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Looking at the ES webpage it looks as though the whole line are folding box dobs...for the price and putting it all in a box, great...I am interested  in the reviews as they become known as well...

Edited by Aaron F Johnson

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How difficult is it to track objects with larger dobsonians? I am planning to get ultra wide angle EPs (100) so I can observe objects somewhat before nudging the telescope again. My wife is equally or even more interested in stargazing so it would be ok if we could watch an object the both of us before it moves out of the FOV. We are most probably going be 2-3 people stargazing with the new telescope.

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Well it's kinda variable depending on amount of magnification and width of fov. With a 16" dob and a 28mm UWAN there would typically be a line of 4 or 5 members of our club viewing an object in turns at the eyepiece. A minute or 90secs with maybe a couple or three nudges each would be adequate for a turn (all very gentlemanly lol).

A friend with a 24" dob and a 100 degree eyepiece would climb a ladder to scrutinise a comet - then climb down and go into his caravan to add a bit more to his drawing - then return to the eyepiece where the comet was now on the edge of (or just over) the fov - maybe 2 mins later. Nudging it back to center is trivial and instant.

Hope that gives you some idea - but higher mags and narrower fovs mean more frequent nudges. :)

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Somewhat outside of the main question. I noticed in your signature that you have a SCT 9.25"? How much less details in DSOs would the Celestron c11 (11") have then say a 12" dob or 16" dob?

Is the Celestron 11" CST any good for DSO observing at all? I want at the minimum to be able to see m31 details/arms.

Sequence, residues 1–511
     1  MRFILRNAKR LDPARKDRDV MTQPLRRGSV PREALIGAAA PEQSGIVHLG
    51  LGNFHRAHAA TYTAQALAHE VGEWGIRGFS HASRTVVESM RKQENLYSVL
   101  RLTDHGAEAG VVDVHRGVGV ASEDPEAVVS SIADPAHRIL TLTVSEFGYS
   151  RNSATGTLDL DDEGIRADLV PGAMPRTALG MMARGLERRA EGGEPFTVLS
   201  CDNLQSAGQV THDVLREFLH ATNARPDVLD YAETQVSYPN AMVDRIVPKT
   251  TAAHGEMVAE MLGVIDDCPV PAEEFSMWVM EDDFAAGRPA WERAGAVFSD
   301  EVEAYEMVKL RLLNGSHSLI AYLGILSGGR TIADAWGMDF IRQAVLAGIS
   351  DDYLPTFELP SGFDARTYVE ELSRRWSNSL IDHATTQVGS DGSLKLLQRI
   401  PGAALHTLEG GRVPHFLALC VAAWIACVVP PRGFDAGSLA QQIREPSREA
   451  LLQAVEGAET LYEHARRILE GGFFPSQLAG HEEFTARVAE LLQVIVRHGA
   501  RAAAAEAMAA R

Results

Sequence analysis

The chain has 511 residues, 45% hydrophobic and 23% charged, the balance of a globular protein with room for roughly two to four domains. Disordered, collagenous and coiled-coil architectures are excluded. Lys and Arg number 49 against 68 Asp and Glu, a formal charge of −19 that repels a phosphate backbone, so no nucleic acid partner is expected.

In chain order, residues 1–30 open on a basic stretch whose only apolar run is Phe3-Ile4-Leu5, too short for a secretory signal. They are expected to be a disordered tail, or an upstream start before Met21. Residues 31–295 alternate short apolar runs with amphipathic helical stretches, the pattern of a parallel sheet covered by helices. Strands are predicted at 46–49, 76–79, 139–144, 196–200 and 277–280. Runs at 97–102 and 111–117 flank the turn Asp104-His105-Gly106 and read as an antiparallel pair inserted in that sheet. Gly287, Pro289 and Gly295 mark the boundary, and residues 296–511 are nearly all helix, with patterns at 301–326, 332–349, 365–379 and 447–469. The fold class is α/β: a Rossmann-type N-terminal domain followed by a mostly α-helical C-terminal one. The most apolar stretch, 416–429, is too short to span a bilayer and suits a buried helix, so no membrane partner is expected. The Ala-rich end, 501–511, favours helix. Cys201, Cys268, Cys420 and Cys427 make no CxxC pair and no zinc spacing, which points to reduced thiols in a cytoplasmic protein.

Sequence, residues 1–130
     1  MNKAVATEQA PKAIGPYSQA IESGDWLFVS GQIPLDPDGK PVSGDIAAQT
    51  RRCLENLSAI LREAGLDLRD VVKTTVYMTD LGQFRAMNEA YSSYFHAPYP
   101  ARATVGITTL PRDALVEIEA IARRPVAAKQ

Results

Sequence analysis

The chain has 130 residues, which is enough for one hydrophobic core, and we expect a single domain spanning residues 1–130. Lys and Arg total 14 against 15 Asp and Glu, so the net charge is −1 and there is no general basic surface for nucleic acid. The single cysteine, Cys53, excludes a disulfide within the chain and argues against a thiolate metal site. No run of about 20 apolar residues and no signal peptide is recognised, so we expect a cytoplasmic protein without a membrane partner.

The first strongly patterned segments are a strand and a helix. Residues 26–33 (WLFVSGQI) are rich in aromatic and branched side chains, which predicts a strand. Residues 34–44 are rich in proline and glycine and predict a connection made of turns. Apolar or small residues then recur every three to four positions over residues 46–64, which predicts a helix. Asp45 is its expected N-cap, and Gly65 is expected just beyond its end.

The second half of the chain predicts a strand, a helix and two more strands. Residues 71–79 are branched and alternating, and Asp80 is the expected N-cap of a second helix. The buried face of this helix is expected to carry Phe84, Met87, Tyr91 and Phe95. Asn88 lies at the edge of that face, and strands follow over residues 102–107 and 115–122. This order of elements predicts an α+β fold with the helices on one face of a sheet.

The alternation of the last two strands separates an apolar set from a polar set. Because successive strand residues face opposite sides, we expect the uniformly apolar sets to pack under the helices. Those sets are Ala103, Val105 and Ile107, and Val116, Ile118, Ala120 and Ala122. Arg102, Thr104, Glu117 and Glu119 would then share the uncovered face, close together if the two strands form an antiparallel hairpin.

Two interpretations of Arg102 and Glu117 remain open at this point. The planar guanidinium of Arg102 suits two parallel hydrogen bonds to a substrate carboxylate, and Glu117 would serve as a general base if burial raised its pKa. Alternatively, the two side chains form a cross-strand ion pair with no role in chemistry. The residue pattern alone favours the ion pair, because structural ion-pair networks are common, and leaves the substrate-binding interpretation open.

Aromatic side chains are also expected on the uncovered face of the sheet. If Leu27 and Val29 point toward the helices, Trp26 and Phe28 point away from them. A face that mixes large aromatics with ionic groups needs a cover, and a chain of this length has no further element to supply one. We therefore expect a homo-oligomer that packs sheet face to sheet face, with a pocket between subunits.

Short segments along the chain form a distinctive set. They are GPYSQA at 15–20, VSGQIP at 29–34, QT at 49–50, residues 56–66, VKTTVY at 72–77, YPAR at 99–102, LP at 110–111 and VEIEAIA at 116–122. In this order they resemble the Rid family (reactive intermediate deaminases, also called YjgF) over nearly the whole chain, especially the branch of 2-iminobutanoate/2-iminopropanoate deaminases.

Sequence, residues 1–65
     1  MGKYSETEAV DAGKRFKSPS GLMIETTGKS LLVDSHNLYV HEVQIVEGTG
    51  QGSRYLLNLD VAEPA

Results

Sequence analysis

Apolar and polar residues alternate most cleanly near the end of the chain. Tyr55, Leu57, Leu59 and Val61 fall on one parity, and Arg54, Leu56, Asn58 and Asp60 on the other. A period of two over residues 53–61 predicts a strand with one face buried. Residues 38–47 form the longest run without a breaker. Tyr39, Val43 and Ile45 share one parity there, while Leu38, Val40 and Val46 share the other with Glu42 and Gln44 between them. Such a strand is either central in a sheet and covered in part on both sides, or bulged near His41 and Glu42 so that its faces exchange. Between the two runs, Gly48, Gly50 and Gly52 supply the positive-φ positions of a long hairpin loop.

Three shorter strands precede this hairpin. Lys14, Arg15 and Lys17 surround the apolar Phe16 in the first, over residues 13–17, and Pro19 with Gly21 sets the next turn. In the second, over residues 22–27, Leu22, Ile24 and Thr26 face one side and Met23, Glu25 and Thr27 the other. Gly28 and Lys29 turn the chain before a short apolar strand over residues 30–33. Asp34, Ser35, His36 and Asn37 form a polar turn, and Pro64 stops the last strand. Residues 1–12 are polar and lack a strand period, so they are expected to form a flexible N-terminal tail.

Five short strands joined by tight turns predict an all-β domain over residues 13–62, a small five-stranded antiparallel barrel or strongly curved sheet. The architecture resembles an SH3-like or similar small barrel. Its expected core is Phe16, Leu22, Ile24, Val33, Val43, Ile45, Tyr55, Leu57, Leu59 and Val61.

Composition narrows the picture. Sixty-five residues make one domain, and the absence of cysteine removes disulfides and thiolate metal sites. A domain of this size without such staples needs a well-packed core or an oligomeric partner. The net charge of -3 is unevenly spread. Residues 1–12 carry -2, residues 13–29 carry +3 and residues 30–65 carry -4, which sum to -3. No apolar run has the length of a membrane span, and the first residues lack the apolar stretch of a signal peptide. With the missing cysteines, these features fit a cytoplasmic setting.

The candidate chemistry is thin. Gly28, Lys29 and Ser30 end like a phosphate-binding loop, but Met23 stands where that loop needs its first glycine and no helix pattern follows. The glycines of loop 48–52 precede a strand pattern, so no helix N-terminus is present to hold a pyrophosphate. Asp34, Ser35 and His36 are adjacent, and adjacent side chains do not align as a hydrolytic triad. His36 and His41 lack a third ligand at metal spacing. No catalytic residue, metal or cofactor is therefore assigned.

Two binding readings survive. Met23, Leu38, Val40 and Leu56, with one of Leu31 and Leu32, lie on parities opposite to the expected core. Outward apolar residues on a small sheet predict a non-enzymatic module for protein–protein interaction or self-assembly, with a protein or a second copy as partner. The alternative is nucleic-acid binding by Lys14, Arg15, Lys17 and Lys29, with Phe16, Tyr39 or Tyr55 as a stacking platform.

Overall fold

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I use the 925 with it's long focal length and slow f-ratio primarily for planets and moon - and it's very convenient with the goto if I get a few folks around wanting a look (eg at the club or star parties). It's good for dso's as well - but the larger aperture 16" with faster optics and propensity for gathering photons is what I use for deep sky observing. Sct's are great for sharp contrasty planets but big newts see deeper into space and pick up more detail in galaxies and nebulae.

Of course you can look at all objects with any scope - but some scopes are better with one particular type of object than others. Hth :)

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it sounds to me like you have been doing your homework, you talk about 100* ep,s and that is the way to go, if you bought the 12" it would be great but i think you would always be wondering what would it be like in the 16" if you have the room (which you have) and you have transport(like you have) then go for it you will have a blast. dont know what you are paying for it but have you considered orion optics uk and go for there 14"

http://www.orionoptics.co.uk/VX/vx14.html

or there 12" superb optics

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One thing to bear in mind, if something is so faint it won't stand out against the background light pollution it doesn't matter how much aperture you use, it still won't stand out.     If you have light pollution around your house there is a limit to how useful extra aperture will be to you at that location.

If you have light pollution, you are forced into using a dark site to see very faint objects and whilst you may be physically able to move a large telescope you might end up wishing you had bought something a bit smaller and easier to manage.